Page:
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RE: [css3-fonts] font-variant-numeric

From: Levantovsky, Vladimir <Vladimir.Levantovsky@MonotypeImaging.com>
Date: Wed, 24 Mar 2010 11:37:33 -0400
To: John Daggett <jdaggett@mozilla.com>, John Hudson <tiro@tiro.com>
CC: "www-style@w3.org" <www-style@w3.org>
Message-ID: <7534F85A589E654EB1E44E5CFDC19E3D01E9F8A143@wob-email-01.agfamonotype.org>
On March 24, 2010 5:36 AM John Daggett wrote:
> 
> John Hudson wrote:
> 
> > On the subject of terminology in
> >    http://dev.w3.org/csswg/css3-fonts/#font-variant-numeric-prop

> >
> > I find the use of the term 'font rendering' in this document
> > unfortunate, and would like to request that it be changed. For font
> > developers -- who spend a lot of time these days talking about what
> > happens to text on screen -- rendering refers to glyph painting
> > (typically some form of rasterisation). Hence, we talk about e.g.
> > different kinds of rendering engines and models, Apple Quartz
> rendering
> > vs. Microsoft ClearType rendering, hinting for different rendering
> > environments, etc.
> >
> > The kind of glyph substitution and positioning behaviours and
> properties
> > described in the draft document are what we would call text layout,
> not
> > font rendering.
> 
> Yeah, I struggled over what term to use here, "font rendering" was by
> no means the ideal term.
> 
> What I've called "font rendering properties" are properties not used
> for selecting a face within a family but instead properties applied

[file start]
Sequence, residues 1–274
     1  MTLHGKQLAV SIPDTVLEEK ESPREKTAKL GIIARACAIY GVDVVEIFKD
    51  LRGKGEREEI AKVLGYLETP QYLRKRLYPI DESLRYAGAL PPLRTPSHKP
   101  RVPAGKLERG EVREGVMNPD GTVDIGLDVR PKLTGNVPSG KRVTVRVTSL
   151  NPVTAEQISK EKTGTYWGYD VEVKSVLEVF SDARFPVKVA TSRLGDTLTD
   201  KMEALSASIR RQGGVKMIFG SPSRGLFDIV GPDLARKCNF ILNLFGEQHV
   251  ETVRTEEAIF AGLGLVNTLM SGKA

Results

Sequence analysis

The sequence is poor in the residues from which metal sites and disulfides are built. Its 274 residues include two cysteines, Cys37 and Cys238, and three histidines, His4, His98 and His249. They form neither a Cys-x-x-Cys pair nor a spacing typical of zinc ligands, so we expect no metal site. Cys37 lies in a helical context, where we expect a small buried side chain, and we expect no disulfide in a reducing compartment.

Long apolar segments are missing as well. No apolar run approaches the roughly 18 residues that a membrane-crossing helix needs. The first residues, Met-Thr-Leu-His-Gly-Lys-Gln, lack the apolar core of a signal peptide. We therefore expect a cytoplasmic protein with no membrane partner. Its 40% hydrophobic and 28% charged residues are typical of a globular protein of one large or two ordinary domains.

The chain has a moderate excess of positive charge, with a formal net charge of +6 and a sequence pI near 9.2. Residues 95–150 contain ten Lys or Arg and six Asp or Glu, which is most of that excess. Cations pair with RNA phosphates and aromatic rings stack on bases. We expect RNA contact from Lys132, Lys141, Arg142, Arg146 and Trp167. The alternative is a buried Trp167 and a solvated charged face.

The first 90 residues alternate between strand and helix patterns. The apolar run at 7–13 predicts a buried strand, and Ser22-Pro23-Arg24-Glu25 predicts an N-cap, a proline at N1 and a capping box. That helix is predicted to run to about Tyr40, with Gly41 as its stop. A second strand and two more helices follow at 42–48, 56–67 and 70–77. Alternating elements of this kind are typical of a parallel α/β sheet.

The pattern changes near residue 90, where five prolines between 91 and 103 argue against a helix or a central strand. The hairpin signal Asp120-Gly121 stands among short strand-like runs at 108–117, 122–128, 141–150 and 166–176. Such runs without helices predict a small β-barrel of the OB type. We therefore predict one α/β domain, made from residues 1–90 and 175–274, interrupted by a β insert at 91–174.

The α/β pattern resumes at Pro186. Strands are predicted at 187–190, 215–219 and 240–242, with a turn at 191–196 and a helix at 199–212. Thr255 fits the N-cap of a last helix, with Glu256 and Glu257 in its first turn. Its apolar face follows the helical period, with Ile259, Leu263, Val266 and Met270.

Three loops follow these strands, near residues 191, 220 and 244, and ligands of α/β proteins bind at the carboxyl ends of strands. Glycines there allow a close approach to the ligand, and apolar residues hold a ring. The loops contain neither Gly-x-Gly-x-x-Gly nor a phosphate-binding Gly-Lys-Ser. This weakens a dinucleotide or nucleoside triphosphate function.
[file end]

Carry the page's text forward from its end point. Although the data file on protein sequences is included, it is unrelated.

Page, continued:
> when picking glyphs to display.  "Font feature properties" is probably
> what I should use instead.
> 

Would the generic term "glyph substitution" work (instead of font rendering) to describe the effect of font features and the font-variant properties? 

In general I agree with John Hudson, I think that the term "rendering" in the document is overused and has different meanings in different contexts. I'd reserve using it to mean "rasterization of glyphs", and would like to suggest using various alternatives, e.g.:

font rendering properties -> font feature selection properties;
consistent rendering across user agents -> consistent results across user agents;
language-specific rendering -> language-specific processing;
Enables/Disables rendering of ... -> Enables/Disables selection of ...


> In places where rendering is discussed, maybe "text rendering" rather
> than "font rendering" would be sufficiently distinct not to cause
> confusion?

I think text rendering could be used where applicable but you may also want to consider using text layout, text shaping and/or glyph positioning, depending on a context.

Regards,
Vladimir

Received on Wednesday, 24 March 2010 15:37:08 GMT

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